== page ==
At the same time that the Philip S. Miller Library hosted a talk by a Denver-based Islamic Center leader, the United States attacked Afghanistan.
Imam (or spiritual leader) Kazerooni was very articulate, very clear. He succinctly outlined the beliefs of Islam. He roundly condemned the horror of the terrorist attack, and patiently explained why none of bin Laden's actions (or those of his agents) could be considered the acts of a Muslim.
I need to correct a news story that came out last week on the front page of the News Press. The facts got badly scrambled.
Three Mideastern men did NOT come to Castle Rock seeking information about the Highlands Ranch water supply.
Shortly before September 11, three men who may have been Mideastern came to the Highlands Ranch Library asking about companies in the Denver area that specialized in desalinization. Desalinization is the process of preparing drinking water from salt water.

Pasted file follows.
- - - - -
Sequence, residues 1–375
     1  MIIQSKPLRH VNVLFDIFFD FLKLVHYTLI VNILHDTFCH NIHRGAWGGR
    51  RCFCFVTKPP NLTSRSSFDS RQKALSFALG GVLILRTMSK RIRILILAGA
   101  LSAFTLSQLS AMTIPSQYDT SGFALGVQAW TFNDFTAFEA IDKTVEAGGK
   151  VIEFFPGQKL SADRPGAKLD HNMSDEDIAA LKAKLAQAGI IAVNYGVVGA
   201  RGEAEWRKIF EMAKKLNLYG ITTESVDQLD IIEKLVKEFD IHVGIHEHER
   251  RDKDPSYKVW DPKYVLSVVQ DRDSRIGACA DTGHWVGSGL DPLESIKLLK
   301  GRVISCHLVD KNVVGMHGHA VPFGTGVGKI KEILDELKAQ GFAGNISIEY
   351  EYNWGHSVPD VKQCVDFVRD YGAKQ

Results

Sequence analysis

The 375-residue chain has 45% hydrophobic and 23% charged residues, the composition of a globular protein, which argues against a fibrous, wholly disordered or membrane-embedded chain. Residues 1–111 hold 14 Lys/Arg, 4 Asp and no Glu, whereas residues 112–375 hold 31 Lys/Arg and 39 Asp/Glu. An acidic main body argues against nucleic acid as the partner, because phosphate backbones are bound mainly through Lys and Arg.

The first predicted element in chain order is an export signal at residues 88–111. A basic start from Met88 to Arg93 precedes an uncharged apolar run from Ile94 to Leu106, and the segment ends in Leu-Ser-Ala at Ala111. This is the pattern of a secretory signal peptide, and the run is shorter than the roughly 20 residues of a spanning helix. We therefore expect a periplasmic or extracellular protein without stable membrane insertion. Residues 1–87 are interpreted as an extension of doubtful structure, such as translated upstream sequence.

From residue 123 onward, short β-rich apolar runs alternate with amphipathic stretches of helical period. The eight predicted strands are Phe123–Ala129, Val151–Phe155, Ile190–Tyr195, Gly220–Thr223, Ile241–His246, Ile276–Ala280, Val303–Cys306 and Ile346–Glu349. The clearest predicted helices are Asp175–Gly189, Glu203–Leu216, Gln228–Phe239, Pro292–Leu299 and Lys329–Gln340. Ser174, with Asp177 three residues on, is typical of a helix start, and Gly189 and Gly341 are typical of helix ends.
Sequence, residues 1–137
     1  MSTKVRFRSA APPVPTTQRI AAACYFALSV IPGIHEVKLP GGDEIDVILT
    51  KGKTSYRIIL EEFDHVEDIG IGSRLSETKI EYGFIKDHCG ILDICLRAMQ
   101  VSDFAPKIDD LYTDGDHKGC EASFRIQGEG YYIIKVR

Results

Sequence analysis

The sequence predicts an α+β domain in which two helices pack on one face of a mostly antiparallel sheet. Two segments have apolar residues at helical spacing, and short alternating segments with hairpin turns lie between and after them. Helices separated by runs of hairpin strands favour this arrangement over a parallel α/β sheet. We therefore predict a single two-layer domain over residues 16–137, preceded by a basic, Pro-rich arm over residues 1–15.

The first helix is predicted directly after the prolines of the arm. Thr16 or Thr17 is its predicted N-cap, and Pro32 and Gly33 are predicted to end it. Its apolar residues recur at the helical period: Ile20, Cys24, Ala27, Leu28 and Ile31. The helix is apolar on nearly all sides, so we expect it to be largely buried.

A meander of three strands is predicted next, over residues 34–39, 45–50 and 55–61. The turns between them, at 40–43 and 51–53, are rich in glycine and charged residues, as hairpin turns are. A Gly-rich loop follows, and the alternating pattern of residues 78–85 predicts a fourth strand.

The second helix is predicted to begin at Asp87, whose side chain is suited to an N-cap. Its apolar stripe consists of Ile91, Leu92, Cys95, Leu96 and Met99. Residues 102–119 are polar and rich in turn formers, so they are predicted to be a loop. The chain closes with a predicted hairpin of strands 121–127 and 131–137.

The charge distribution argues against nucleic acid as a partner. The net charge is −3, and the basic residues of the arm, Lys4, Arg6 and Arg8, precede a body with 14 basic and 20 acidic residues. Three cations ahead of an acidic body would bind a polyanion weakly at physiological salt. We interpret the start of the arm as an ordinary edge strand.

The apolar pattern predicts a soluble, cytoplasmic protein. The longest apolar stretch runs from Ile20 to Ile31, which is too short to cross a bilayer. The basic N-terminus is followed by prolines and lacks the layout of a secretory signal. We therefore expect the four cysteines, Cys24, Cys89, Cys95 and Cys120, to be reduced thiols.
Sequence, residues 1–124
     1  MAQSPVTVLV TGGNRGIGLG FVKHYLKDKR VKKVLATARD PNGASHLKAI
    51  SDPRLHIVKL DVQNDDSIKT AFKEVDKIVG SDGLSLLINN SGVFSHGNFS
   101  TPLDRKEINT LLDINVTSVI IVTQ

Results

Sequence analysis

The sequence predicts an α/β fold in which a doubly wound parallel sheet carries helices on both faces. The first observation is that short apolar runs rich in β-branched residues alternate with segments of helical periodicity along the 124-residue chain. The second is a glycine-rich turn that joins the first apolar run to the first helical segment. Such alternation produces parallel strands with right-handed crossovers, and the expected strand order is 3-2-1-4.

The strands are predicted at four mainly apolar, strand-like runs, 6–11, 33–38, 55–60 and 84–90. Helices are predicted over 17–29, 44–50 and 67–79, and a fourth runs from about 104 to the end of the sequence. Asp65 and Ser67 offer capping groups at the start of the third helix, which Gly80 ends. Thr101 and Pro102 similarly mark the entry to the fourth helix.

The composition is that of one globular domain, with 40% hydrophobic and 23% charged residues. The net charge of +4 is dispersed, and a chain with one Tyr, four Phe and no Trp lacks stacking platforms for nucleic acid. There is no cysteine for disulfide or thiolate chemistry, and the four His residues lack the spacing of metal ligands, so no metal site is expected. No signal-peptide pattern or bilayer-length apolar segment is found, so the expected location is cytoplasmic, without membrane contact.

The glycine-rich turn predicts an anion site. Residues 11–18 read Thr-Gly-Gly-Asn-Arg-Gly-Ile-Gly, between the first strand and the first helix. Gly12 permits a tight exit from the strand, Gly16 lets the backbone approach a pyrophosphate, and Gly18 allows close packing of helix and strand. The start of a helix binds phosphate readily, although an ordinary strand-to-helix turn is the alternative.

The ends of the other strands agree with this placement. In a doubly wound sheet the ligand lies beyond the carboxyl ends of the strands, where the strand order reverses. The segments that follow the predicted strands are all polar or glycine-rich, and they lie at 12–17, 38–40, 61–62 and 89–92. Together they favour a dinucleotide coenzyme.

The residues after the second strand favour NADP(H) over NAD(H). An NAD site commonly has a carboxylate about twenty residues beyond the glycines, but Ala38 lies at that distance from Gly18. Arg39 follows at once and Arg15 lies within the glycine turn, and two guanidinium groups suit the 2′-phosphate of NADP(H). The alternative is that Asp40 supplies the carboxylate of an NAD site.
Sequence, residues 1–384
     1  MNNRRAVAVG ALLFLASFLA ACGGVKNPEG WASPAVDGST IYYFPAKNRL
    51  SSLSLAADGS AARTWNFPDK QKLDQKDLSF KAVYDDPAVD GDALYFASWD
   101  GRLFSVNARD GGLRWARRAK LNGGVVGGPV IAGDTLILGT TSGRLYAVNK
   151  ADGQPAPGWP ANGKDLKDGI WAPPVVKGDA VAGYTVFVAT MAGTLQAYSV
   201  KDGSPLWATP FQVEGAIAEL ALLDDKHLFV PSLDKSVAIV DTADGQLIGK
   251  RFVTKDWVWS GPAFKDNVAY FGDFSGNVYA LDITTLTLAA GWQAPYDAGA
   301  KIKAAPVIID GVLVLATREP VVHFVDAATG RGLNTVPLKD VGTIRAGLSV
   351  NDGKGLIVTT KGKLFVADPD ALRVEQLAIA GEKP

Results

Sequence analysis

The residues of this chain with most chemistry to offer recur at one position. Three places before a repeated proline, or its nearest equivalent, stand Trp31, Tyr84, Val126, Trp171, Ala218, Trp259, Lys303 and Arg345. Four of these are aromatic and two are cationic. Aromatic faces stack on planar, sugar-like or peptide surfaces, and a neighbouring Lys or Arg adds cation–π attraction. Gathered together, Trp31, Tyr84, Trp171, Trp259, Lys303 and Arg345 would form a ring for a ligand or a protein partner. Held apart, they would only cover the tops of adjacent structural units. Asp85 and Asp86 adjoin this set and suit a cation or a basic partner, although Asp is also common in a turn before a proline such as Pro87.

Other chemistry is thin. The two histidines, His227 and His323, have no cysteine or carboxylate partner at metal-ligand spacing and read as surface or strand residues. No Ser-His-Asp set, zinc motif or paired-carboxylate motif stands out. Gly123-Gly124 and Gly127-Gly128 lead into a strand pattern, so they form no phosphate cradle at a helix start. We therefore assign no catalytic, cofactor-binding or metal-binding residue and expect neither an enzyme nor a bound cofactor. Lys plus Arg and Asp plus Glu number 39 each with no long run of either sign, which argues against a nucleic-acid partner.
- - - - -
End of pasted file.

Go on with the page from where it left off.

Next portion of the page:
Recently I attended a lecture by a library professor. I had the pleasure of sitting next to the delightful Virginia Boucher. "Ginnie," as she is known to her many friends and admirers, lives in Boulder, but has a more local connection. She attended library school, and was dear friends, with Genevieve ("Nicky") Mead, one of the true founders of Douglas County's libraries.
Ginnie is another pioneer. She was one of a handful of people who invented something librarians call Eye-Ell-Ell (ILL) -- InterLibrary Loan.
Many people think fantasy and science fiction are the same. They're not.
"Fantasy" takes place in a world where certain, often basic, things are just impossible. Take the Harry Potter series. The author doesn't spend a lot of time trying to work out sort-of-sensible explanations for why magic works. It's a given, part of the background. Spells work, ghosts inhabit Hogwart's halls, and brooms fly. On with the story!